A Listbox widget is designed to list strings of text, one text string per line. You can then select a line or multiple lines from the Listbox on which to perform other operations. Some examples of things to place inside a Listbox include:
An alphabetized list of cities.
A list of servers to log in to. Select a server name and then enter a name and password into some Entry widgets. Click the OK Button to log in.
A list of operating systems.
A list of payment options: MasterCard, American Express, Visa, Check, Cash.
Figure 7-1 shows an example of a Listbox.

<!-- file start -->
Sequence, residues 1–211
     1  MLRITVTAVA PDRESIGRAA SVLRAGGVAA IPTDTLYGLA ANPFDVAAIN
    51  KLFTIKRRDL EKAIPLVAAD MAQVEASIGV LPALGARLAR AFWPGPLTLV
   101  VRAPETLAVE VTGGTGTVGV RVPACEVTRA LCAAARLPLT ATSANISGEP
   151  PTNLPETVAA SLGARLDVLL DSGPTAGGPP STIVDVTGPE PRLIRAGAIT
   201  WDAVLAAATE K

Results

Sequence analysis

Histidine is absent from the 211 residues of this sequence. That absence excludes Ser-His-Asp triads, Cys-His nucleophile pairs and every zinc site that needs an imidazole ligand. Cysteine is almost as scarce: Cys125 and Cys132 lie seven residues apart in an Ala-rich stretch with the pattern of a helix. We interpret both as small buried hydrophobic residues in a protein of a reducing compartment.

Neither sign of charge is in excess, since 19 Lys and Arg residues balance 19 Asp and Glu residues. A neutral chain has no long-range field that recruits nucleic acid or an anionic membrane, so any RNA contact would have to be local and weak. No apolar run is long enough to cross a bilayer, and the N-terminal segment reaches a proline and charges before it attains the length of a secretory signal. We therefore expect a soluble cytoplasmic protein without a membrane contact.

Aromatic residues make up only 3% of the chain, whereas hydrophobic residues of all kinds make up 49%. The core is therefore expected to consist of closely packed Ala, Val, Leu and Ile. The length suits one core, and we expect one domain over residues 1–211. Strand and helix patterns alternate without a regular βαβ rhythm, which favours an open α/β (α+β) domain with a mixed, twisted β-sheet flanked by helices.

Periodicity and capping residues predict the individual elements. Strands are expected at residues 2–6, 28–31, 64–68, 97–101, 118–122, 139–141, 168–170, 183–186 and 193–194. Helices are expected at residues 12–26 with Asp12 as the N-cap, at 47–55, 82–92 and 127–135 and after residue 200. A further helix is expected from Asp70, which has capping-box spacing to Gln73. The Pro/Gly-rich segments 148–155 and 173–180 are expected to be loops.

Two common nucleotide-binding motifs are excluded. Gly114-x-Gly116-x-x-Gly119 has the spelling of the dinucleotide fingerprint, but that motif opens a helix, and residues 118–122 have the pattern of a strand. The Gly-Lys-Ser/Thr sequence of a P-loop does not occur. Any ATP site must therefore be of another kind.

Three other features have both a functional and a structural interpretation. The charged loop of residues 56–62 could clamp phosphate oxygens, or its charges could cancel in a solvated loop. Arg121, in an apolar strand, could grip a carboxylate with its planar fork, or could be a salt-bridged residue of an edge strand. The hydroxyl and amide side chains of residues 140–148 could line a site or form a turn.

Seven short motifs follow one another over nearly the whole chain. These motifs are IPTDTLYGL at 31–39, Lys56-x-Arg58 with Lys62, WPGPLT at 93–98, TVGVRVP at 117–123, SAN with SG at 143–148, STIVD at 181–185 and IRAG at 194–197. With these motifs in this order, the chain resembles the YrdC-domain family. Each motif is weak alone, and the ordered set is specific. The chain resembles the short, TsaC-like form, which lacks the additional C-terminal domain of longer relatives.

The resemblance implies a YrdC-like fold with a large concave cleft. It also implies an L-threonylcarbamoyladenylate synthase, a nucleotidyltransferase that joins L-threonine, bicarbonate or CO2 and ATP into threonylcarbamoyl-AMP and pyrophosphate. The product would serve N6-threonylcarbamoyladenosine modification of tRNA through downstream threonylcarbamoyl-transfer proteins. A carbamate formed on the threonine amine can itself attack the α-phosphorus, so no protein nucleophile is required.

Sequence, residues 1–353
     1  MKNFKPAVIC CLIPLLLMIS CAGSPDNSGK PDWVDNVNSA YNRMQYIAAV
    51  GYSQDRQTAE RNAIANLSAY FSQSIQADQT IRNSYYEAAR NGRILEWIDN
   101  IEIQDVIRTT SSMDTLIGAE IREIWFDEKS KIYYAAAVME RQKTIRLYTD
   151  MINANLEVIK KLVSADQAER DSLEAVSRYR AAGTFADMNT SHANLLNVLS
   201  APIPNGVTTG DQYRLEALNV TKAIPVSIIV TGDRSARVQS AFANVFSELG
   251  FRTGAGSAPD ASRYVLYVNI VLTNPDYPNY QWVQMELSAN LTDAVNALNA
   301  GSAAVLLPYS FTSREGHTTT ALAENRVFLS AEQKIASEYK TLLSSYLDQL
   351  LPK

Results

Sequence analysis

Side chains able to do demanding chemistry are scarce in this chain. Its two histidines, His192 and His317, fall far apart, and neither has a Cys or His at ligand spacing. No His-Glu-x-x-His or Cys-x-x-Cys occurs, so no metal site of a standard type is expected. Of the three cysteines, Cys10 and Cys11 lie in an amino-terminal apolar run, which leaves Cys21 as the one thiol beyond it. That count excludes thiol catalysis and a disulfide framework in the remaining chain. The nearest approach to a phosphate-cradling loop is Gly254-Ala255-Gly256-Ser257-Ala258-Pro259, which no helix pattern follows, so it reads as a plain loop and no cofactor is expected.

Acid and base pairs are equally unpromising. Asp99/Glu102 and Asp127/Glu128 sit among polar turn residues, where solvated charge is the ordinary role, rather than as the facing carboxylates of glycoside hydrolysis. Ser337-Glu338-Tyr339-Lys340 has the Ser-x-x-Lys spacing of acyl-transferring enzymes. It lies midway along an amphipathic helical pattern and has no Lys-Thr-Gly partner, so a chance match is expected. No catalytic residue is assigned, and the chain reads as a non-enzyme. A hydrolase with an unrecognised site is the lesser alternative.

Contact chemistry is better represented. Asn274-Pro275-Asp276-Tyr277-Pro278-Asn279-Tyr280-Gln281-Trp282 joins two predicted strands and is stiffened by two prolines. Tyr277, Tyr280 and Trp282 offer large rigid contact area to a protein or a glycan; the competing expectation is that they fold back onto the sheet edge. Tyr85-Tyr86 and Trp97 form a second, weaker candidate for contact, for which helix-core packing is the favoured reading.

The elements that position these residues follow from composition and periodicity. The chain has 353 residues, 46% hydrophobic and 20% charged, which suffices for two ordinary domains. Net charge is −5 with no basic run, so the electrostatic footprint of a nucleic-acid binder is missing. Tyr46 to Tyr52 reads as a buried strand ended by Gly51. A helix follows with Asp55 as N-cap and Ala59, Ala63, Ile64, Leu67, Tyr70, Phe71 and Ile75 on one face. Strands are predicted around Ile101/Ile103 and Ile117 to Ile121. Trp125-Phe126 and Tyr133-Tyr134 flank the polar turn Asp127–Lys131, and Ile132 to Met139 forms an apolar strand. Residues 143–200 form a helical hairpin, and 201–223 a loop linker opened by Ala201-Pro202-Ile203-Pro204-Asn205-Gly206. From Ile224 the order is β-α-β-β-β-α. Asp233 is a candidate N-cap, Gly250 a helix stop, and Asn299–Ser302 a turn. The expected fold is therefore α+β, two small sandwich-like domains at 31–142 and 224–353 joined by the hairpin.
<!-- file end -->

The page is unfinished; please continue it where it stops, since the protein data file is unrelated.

Figure 7-1. Listbox widget
A Listbox is ideal for replacing Radiobuttons or Checkbuttons that have become too numerous to display on the screen. Usually 3 or 4 Checkbuttons or Radiobuttons aren’t a big deal, but if you try to display 10 at a time, the window could get a little crowded. A group of Radiobuttons can be replaced by a Listbox that limits the number of selections to one and has a default selection. A bunch of Checkbuttons can be replaced by a Listbox that allows multiple selections.
There are times when you’d like several Listboxes arranged side-by-side that scroll in parallel. While the standard Perl/Tk distribution doesn’t have such a widget, Chapter 23 highlights some user-contributed “multi-Listbox” widgets.
An alternative to the plain Listbox are the HList and TextList widgets, which ...